7 Rates of Deformation The important geometric quantity that describes the fluids’ behavior under stress is the rate of deformation.-.= [-. . 1. [-.. . = [. Symmetric stress tensor [. 7  pq yz{{ yz|{ yz}{ yz{| yz|| yz}| o st = 0−uv + ow 4st + x m + + n + ~m + + n pr y{ y| y} y{ y| y} yz{} yz|} yz}} + m + + n y{ y| y} . Time rate of change of length ∂v M∆x + v + ∆x ∆tN − ∆x + v ∆t ∂v ∂x  d = = ∆x∆t ∂x ∂v M∆y + v + ∆y ∆tN − j∆y + v ∆tl ∂v ∂y  d = = ∆y∆t ∂y Copyright 2013 by Zifeng yang Chapter 1 of Advanced Fluid Mechanics . [.. = [..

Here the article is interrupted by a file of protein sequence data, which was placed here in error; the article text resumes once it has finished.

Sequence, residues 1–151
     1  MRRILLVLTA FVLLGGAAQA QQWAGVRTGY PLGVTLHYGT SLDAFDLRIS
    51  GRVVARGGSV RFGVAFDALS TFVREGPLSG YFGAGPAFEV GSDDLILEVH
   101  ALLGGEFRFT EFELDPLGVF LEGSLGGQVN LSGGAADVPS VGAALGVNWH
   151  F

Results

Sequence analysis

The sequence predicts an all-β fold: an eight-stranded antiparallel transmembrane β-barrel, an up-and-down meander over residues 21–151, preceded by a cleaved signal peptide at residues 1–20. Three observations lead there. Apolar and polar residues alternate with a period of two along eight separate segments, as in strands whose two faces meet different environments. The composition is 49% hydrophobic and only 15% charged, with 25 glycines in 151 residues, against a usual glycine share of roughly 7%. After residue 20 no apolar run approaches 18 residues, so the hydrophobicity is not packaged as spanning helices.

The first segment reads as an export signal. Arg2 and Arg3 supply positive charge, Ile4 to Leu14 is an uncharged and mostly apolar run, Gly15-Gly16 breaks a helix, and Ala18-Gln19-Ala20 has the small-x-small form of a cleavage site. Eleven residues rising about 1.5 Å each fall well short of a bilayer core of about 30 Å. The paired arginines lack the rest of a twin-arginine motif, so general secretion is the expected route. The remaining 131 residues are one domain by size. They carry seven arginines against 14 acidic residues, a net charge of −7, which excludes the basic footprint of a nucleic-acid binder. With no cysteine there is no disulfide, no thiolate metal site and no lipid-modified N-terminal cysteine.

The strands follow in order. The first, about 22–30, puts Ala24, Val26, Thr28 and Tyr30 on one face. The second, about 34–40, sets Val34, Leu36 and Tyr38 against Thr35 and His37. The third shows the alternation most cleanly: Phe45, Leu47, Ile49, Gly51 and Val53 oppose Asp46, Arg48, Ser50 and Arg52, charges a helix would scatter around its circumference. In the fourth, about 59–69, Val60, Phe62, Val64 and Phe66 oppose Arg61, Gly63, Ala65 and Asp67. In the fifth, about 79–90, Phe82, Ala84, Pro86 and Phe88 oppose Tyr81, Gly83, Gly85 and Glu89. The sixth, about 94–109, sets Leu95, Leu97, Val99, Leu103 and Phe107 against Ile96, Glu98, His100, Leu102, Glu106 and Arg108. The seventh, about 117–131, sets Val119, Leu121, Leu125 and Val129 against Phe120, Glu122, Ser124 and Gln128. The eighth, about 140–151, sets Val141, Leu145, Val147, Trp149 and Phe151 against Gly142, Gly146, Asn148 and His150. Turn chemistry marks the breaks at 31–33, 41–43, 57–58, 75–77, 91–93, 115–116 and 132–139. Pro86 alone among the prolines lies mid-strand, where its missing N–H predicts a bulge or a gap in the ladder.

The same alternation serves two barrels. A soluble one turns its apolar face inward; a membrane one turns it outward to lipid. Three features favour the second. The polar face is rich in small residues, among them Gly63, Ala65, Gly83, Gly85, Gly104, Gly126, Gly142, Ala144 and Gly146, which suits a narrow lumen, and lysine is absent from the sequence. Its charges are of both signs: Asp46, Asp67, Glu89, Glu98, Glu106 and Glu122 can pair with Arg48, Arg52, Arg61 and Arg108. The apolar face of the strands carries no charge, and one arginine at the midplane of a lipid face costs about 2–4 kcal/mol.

experience and many experiments suggest the following: 1. ∆8∆4 − ∆6∆∆8 lim ∆.= m + n 2 ∂z ∂y 1 ∂v ∂v. Dilatational strain rate – the rate of change of volume per unit volume 0∆6 + . = 0. strain..= -. according to the original concepts of Newton. The fluid is isotropic. or extensional. ∂y ∆∆ 1 + ∆ 5 . . 2. = . tan( ∆* ∆∆ ∂v * ≈ 5 ≈ ≈ ∆ 5"... .. .. ∆ 56 5".∆. such as water or air. 3... =  +  2 ∂x ∂z 1. 4. are the normal rates of deformation and can loosely be thought of as rate of normal. all shear stresses vanish.. Copyright 2013 by Zifeng yang Chapter 1 of Advanced Fluid Mechanics .∆9→1 ∆6∆∆8∆ = d + d + d = ∇ ∙ " .. Stress will depend explicitly only on pressure and the rate of deformation. That is.∆∆J0∆8 + . the material properties of a fluid at any given point are the same in all directions.8 Constitutive Relations Considering a fluid of simple molecular structure. The stress must depend on rate of deformation n a linear manner. . 8 ∂v M∆z + v + ∆z ∆tN − ∆z + v ∆t ∂v ∂z  d = = ∆z∆t ∂z The . = .∆-. Rate of change of angles 5"- tan( ∆( ∆6∆ ∂v ( ≈ ≈ 56 ≈ ∆ 5" ∂x ∆6∆ 1 + . and the normal stresses are each equal to the negative of the pressure. -. Temperature can enter only implicitly through coefficients such as viscosity. -.. When the rate of deformation is identically zero.5I( + * J = m + n 2 ∂x ∂y 1 ∂v ∂v. ∆6∆4I∆ + -. Rate of shear deformation 1 ∂v ∂v ..